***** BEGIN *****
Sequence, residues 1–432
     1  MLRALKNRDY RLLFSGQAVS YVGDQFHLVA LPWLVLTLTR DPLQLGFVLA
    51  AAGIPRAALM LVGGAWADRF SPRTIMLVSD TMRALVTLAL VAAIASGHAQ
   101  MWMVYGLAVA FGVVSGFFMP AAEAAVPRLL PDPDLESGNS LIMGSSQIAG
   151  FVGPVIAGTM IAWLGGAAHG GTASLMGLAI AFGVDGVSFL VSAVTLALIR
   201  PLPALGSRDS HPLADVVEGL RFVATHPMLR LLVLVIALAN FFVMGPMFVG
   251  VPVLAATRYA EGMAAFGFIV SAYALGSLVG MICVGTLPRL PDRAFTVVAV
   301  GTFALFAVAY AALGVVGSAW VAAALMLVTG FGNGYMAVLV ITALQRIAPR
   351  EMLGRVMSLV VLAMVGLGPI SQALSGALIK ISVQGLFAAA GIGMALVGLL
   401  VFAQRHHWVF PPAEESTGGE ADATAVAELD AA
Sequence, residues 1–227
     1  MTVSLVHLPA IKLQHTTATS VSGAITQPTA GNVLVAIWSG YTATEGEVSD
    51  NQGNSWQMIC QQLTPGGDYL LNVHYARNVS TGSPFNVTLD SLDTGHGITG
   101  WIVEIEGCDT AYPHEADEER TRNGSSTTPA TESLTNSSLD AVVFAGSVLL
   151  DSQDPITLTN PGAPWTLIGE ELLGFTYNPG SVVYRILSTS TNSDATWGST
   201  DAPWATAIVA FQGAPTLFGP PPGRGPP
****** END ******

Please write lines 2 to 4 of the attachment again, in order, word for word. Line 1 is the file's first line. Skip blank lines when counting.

     1  MLRALKNRDY RLLFSGQAVS YVGDQFHLVA LPWLVLTLTR DPLQLGFVLA
    51  AAGIPRAALM LVGGAWADRF SPRTIMLVSD TMRALVTLAL VAAIASGHAQ
   101  MWMVYGLAVA FGVVSGFFMP AAEAAVPRLL PDPDLESGNS LIMGSSQIAG